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hello! I am looking for an early Linux version that can be compiled on a 8086 machine. The idea is to adjust is for a project of mine. already tried: ...
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  1. #1
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    first Linux for PC source code


    hello!

    I am looking for an early Linux version that can be compiled on a 8086 machine.
    The idea is to adjust is for a project of mine.
    already tried: * google: "linux source code" * google: "first linux for PC" * google: "first linux source code" > got me the original code written by linus torvalds but this is not what I needed * exploring kernel.org * and some other google queries.

    Please help, I'm not a linux expert.

  2. #2
    Trusted Penguin Irithori's Avatar
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    Hi and welcome

    There is no kernel for 8086
    The earliest supported x86 cpu up to now is an i386
    ftp://ftp.kernel.org/pub/linux/kerne.../RELNOTES-0.01

    ..but starting with 3.8, i386 is dropped. An i486 is now the minimum
    git.kernel.org - linux/kernel/git/torvalds/linux.git/commit
    You must always face the curtain with a bow.

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    Check out the history of Linux. There is a fine summary at History of Linux - Wikipedia, the free encyclopedia. Specifically, Linux was created after the 80386 was released and was designed to take advantage of features not found on earlier processors. So, there was never a version of Linux that would run on the 8086 processor.

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    What Irithori says is in part correct. But, as a non-Linux person you should understand almost all existing distros as used by millions do NOT have the 3.8 kernel. The 3.8 kernel is being introduced, and future distros may, in fact most will, use it. But, it is not yet in use by most Linux users.

    >>An i486 is now the minimum

    should be "distros using the latest kernel will have 486 as the minimum." Distros with older kernels will be available for a very long time.

    In the late '90's before I retired from a high tech factory, we had one of the first PC's, no HD, etc. I used it solely for an impedance transformation program written in abasic. They came and took it from me, because we had a new military box which needed the clock speed of that old PC for testing. I wrote the program again in C, and compiled it as an executable file, runnable on most Intel machines.

    So, while it is not our business, it would sure be interesting fo know why you are using an old machine like that.

  5. #5
    Linux Guru Rubberman's Avatar
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    I ran AT&T and SCO Unix on 8086 boxes in the mid-1980s. I think early versions of BSD Unix, which you should still be able to get the source to, ran on 8086 hardware as well. These were command-line implementations for the most part because until the 80286, you were limited to 1MB of RAM (640k in reality) because of the 20bit address space.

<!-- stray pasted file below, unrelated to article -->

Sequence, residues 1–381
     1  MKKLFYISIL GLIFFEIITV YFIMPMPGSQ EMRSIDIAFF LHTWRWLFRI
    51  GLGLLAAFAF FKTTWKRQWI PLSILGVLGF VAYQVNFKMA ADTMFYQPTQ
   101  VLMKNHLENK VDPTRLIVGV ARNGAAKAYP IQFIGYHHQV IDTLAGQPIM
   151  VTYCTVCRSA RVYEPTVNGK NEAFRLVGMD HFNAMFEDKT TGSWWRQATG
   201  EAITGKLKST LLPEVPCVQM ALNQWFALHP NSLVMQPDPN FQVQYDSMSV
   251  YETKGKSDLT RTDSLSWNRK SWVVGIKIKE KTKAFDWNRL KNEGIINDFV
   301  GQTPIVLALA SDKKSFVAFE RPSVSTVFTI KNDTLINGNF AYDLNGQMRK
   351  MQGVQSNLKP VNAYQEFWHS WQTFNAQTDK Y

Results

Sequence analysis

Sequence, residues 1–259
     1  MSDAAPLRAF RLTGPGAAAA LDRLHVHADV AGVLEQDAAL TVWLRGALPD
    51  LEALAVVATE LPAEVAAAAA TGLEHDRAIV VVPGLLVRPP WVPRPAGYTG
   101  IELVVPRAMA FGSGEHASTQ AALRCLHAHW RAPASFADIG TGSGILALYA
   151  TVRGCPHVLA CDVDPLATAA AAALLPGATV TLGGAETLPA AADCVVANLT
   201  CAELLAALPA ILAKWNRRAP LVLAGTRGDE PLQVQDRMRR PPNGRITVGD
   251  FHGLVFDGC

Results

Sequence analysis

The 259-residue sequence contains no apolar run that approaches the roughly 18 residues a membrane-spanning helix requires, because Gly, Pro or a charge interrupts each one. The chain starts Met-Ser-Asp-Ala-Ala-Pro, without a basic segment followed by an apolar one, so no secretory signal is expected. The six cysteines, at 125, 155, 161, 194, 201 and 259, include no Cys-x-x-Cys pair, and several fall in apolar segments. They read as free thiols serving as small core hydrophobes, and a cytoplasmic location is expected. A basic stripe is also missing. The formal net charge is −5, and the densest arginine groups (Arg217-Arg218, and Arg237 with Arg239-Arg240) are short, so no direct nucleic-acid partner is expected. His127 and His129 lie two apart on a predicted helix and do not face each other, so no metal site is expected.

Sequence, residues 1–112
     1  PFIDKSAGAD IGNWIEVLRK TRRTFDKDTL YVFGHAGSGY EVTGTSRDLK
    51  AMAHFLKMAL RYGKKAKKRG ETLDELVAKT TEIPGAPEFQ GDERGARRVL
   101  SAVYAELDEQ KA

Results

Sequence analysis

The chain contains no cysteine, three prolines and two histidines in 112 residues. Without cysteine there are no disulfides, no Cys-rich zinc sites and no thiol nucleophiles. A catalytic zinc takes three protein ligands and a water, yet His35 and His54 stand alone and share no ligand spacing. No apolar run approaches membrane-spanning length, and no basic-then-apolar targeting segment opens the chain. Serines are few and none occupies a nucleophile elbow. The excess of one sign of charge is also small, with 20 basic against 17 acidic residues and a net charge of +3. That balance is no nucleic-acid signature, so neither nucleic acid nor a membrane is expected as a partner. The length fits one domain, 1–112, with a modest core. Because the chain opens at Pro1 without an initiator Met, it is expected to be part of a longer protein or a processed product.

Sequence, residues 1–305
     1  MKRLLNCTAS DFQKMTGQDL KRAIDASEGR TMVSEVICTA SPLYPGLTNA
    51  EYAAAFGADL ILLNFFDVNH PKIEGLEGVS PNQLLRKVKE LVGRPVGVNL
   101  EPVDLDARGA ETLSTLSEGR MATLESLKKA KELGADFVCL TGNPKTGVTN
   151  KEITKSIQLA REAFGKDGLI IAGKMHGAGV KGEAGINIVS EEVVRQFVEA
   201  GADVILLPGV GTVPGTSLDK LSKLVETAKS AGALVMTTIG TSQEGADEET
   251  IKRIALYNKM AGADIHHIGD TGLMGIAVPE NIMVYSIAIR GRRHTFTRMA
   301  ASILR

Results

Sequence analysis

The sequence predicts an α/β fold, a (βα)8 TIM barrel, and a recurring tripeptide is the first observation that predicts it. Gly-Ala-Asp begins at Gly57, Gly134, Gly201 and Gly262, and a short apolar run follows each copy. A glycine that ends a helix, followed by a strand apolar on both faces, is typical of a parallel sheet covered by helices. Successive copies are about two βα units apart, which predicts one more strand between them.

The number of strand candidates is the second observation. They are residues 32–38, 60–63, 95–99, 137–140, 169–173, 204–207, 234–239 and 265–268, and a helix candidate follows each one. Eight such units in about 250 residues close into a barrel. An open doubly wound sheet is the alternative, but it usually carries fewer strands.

Sometimes, real fast is almost as good as real time.
    Just remember, Semper Gumbi - always be flexible!

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    Thank you all for helping!

    irlandes : the reason I need this is pretty much academic , I have a crazy idea to compile build a linux distro for "myCpu" (due to site [rightful] policy [I don't have 15 posts yet] you'll just have to google it)
    so I assumed that the less opcodes in the bootloader and the less code in the kernel the better...

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    ELKS- Linux port for 8086 8088, 80186, 80286. Try earlier versions
    ELKS: The Embeddable Linux Kernel System:
    elks.sourceforge.net

  8. #8
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    The Microsft/SCO Xenix system had mainly 8086 versions. That was very much hampered by lack of memory protection. https://en.wikipedia.org/wiki/Xenix

    And yes, Xenix preceded MS-DOS by several years!

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    Thanks for explaining. You were not obliged to, but people on these technical forums are pretty curious folks. Good luck. That ELKs thing sounds interesting.

    By the way, I am curious why this page is larger than the screen, the postings over-run the screen, and there is no slider to move it over. I have seen no other page which does that, at least not on later versions of Kubuntu.

  10. #10
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    Quote Originally Posted by irlandes View Post
    By the way, I am curious why this page is larger than the screen, the postings over-run the screen, and there is no slider to move it over. I have seen no other page which does that, at least not on later versions of Kubuntu.
    And all this time I thought it was just me experiencing this odd phenomenon! Looks like vBulletin developers have decided that everyone out there is/should be running on widescreen monitors and each window is/should be maximized - !

    Cheers,
    ak.

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